This is great with beef (eg. in burgers or on steaks) and is famous in a Bloody Mary so naturally goes well added to tomato dishes such as soup.  Other good ideas include adding it to Welsh Rarebit  and Cheese on ToastCaesar salad dressing often includes Wooster Sauce, add a little sautéed kidneys and if you make a prawn cocktail (you old fashioned thing, you!) try a splash of the Wooster sauce in that. It is also very good in beef stews and mushroom dishes

In Other News ...

~   Apropos of my opening paragraph please don’t be shy about donating to charity – on my first day someone dropped off a complete set of “gentleman’s’ apparel” comprising a pair of size 12 thigh high lace up patent leather stiletto boots, a rubbery coat, a strange bra-like thingy and studded leather collar and cuffs. This fetched £250 on eBay so thank you, Sir!

~   I am very aware that I am being a bit of a slacker in the blogging department recently and now it is not because I have fallen over or am wandering about Britain, now it is because have been trying and trying and trying to upload my ice cream book to Createspace so that it will be available in hard copy. It was quite a learning curve but, fingers crossed, I’ve done it so have a look here.

This is the front cover ...



And this the back ....



I have changed the cover because I think the red of the original would have been too much on an 8" x 10” book cover, but I’m quite pleased with the new one.  How say you?   See more about the kindle version and the paperback here. 

Now I have to go through Everything All Over the Place changing the image!


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11 June 2015

Fruit Infused Alcohol ~ Now is the Time to Start!



In my last post I mentioned an alcohol tasting session that spontaneously broke out at my sister’s house when someone brought along a bottle of blackberry gin which, of course we all politely tasted.

Naturally this prompted the opening of some delicious Damson Vodka my nieces had made a year or two back, followed by 12 year old Sloe Gin made by my late father, which was beautiful.

Next came some Limoncello and then, in keeping with the fruity scheme, Calvados. As this was less sweet than the others we all felt the Calvados should have been first so probably need to have another go soon and do the thing properly.  It’s OK, by the way, we used tiny little glasses!

Anyhoo this pleasant evening got me thinking that I really should give fruit (and flower) infused beverages a mention as it’s time to get started on some of these.

Firstly then, as the time really is Now to start on this ...

Elderflower Cordial or Champagne

Elderflowers are flowering even as I type so on a lovely sunny day (you want the flowers to be dry and fragrant) go and pick some and make cordial or champagne. 

For the cordial ...

20-25 large dry elderflower heads
(some open flowers, some still in bud, not much stalk, shaken to remove insects)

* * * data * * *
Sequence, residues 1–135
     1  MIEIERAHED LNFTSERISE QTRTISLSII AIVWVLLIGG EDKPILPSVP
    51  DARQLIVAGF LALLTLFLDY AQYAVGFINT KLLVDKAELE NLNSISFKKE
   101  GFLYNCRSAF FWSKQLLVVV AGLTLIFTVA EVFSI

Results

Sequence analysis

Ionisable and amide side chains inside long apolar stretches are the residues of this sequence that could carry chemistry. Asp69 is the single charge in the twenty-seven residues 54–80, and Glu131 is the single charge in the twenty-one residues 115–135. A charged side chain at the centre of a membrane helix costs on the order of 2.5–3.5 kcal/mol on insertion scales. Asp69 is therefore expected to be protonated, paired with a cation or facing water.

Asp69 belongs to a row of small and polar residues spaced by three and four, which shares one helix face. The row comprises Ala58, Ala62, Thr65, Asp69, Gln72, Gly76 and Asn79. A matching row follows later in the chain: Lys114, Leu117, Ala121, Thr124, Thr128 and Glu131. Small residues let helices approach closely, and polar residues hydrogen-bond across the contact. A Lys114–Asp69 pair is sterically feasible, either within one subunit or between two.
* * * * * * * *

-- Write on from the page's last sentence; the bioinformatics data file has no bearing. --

1 ltr water
900g white sugar – granulated or caster
4 lemons (or 3 lemons and a lime or 2 lemons and an orange)

~   Bring the water to the boil.
~   Put the sugar into a large bowl and pour over the boiling water, stir to dissolve.
~   Grate the zest (brightly coloured outer skin only) from the citrus fruits and add to the syrup.
~   Slice the fruits and add those too.
~   Leave to cool.
~   Add the thoroughly examined and picked over elderflower heads.
~   Cover and set aside for 48 hours.
~   Strain carefully and gently through a nylon sieve lined with clean muslin down through a funnel  into clean, sterilised bottles.
~   Keep in a cool dark place for 6 weeks or freeze in ice cubes for several months.

Elderflower Champagne is a little more complicated so I think I will direct you to an expert in this field  where you will also read about a usual technique known as “forking off”! Alternatively just dilute your homemade cordial with sparkling wine.

Moving on, the next item that needs your consideration as soon as possible is ...

Rumpot/Rumtopf 


This is made from a variety of summer fruits as they come into season which some are doing right now.

Cherry Bounce (same link) is a delicious variation on Rumpot using cherries – did you guess?


In September you can get on with all sorts of delicious drinks based on the following simple recipe ...

Blackberry/Damson/Sloe  Gin/Vodka

500g fruit (sloes, blackberries or damsons)
250g sugar
1 ltr gin or vodka – but 2 empty bottles!

~   Sloes and damsons will benefit from either being pricked with a darning needle (if such things still exist!) or frozen and thawed so that they split – either way helps release their juices into the booze.
~   Divide the fruits and sugar between the two bottles and top up with the gin or vodka.
~   Seal tightly.
~   Put the bottles in a cool, dark place and give it a good shake every day or so until you are sure that the sugar has completely dissolved.